Review of Hodge’s 3 Volumes

Charles Hodge is the highpoint of American theology. While Dabney searched deeper into the issues, Hodge’s position (if only because the North won) allowed him a wider influence. Thornwell was the more brilliant orator and Palmer the greater preacher, but Hodge was the teacher and systematician. Of the Princetonians Hodge is supreme. His writing style is smoother than Warfield’s and he is deeper than his predecessors.

We rejoice that Hendrickson Publishing is issuing these three volumes at $30. Even with the page-length quotations in Latin, Hodge is strong where American Christianity is weak. A renaissance in Hodge would reinvigorate discussions about epistemology, the doctrine of God and God’s knowledge, justification, and God’s law. We will look at Hodge’s discussion of epistemology, doctrine of God, human nature (including both sin and free volition), soteriology, and ethics.

Common Sense Realism
Far from stultifying the gospel, Hodge’s position safeguards the reliability of “truth-speak” and if taken seriously today, adds another angle to the “convert” phenomenon. A properly basic belief is one that doesn’t need another belief for justification. I’m not so sure if Hodge is making that claim. However, he does anticipate some of Plantinga’s positions by saying that God so constituted our nature to believe x, y, and z. My aim is to show from Hodge’s own words that our cognitive faculties are (1) reliable and (2) made so by God. I will advance upon Hodge’s conclusions: a commoner can read the Bible and get the general “gist” of it apart from an infallible interpreting body. Secondly, to deny the above point attacks the image of God. Thirdly, to deny the above point is to reduce all to irrationality. The practical application: Those who deny this position often find themselves looking for “absolute” and infallible arbiters of the faith. Such a position denies a key aspect of our imago dei.

“Any doctrine [and Hodge is using this word in the technical sense of philosophic and/or scientific beliefs], therefore, which contradicts the facts of consciousness, or the laws of belief which God has impressed upon our nature, must be false” (I: 215).

“Our knowledge of mind, therefore, as a thinking substance, is the first and most certain, and the most indestructible of all forms of knowledge; because it is involved in self-knowledge…which is the indispensable condition of all knowledge” (I: 277).

It is interesting to note his reference to self-knowledge. One is reminded of Calvin’s duplex cognito dei.

Doctrine of God

…[S]tart with the revelation that God has made of himself in the constitution of our own nature and in his holy word. This method leads to the conclusion that God can think and act, that in him essence and attributes are not identical (I: 564).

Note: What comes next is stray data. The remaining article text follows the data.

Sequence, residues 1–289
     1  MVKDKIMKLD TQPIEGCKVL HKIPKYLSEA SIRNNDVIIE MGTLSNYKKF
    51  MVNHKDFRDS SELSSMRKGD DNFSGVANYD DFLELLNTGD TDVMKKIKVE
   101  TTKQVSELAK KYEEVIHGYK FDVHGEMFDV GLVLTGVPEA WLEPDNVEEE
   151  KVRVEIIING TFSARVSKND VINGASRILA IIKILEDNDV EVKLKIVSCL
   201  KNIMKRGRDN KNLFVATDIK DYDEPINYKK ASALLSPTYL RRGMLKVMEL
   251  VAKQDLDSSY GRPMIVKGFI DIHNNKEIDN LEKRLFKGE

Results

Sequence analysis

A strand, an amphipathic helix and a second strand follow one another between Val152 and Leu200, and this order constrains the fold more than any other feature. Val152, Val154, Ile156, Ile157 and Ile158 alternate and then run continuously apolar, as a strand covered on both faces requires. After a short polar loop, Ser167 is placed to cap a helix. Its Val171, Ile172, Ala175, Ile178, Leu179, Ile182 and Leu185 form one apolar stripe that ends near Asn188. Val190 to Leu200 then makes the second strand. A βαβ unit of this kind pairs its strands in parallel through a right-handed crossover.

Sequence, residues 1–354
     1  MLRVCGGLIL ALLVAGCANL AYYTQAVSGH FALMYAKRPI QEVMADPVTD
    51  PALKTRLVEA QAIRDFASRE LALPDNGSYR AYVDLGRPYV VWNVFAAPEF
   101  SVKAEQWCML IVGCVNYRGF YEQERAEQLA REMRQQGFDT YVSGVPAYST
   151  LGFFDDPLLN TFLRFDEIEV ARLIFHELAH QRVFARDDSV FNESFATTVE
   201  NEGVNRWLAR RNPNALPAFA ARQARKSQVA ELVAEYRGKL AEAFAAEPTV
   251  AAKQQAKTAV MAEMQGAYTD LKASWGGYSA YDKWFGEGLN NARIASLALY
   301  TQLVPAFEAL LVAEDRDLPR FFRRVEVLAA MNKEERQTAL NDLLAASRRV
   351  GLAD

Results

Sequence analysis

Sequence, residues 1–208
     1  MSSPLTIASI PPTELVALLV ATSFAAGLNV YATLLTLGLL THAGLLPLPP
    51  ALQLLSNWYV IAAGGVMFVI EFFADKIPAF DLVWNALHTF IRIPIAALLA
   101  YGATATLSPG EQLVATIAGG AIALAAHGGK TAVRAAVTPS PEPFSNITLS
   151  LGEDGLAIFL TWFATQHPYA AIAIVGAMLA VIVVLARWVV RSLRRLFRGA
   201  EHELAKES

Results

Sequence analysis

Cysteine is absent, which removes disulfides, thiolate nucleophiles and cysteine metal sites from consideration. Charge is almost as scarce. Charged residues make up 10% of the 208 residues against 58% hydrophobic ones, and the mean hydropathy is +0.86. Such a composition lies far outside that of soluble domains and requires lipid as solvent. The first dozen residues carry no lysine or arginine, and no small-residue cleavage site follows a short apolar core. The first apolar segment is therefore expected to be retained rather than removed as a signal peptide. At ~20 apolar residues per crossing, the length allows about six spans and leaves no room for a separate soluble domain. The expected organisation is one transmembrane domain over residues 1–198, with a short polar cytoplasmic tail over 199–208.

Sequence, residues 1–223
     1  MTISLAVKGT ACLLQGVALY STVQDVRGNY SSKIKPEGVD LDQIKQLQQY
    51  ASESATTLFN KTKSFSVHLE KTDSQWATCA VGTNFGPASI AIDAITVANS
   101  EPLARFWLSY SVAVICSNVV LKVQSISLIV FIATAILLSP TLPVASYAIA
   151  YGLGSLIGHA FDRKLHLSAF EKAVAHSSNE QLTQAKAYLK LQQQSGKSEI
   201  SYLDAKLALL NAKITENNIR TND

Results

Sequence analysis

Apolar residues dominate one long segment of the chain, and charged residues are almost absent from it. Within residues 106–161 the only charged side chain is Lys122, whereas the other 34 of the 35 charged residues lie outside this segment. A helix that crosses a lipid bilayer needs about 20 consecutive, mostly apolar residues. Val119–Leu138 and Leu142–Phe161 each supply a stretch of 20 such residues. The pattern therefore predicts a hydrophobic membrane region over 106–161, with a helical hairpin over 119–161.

It’s also interesting to note Hodge’s comment about God constituting our nature in a certain way. Shades of Thomas Reid.

“To say, as the schoolmen, and so many even of Protestant theologians, ancient and modern, were accustomed to say, that the divine attributes differ only in name, or in our conceptions, or in their effects, is to destroy all true knowledge of God…If in God knowledge is identical with eternity, knowledge with power, power with ubiquity, and ubiquity with holiness, then we are using words without meaning (I: 371-372).

The attributes of God, therefore, are not merely different conceptions in our minds, but different modes in which God reveals himself to his creatures…just as our several faculties are different modes in which the inscrutable substance self reveals itself in our consciousness and acts (I: 374).

So what do we mean by simplicity? Rome has a thorough, if ultimately chaotic, answer to this question. Orthodoxy has an outstanding response to Rome, but nothing in terms of a constructive view of Simplicity. Following Turretin, Hodge writes,

The attributes are to be distinguished not realiter, but;”virtualiter, that is, there is a real foundation in the divine nature for the several attributes attributed to him (I: 370).

What does virtualiter mean?
Richard Muller defines it as “literally, i.e., with virtue or power” (Muller 371).

It’s interesting that Muller mentioned “power.” This corresponds with Radde-Galwitz’s interpretation of Gregory of Nyssa. Alluding to Michel Barnes he notes that divine power is the causal capacity rooted in the divine nature; inseparable from the divine nature and gives rise to the divine energies (Barnes 183). Further, each “Good” (or attribute, in our case) entails another.

Human Nature
Charles Hodge’s key argument regarding the free will controversy is this: does infallible certainty of a future event destroy human liberty? He answers no. Hodge gives a lengthy explanation that the Reformed tradition can maintain free agency, yet God’s foreknowledge of future actions is not threatened (Hodge, II: 296-304). Part of his discussion is labored and a bit confusing, for he realizes that “free will” has as many glosses as it does adherents. He explains what is and is not meant by “free will.”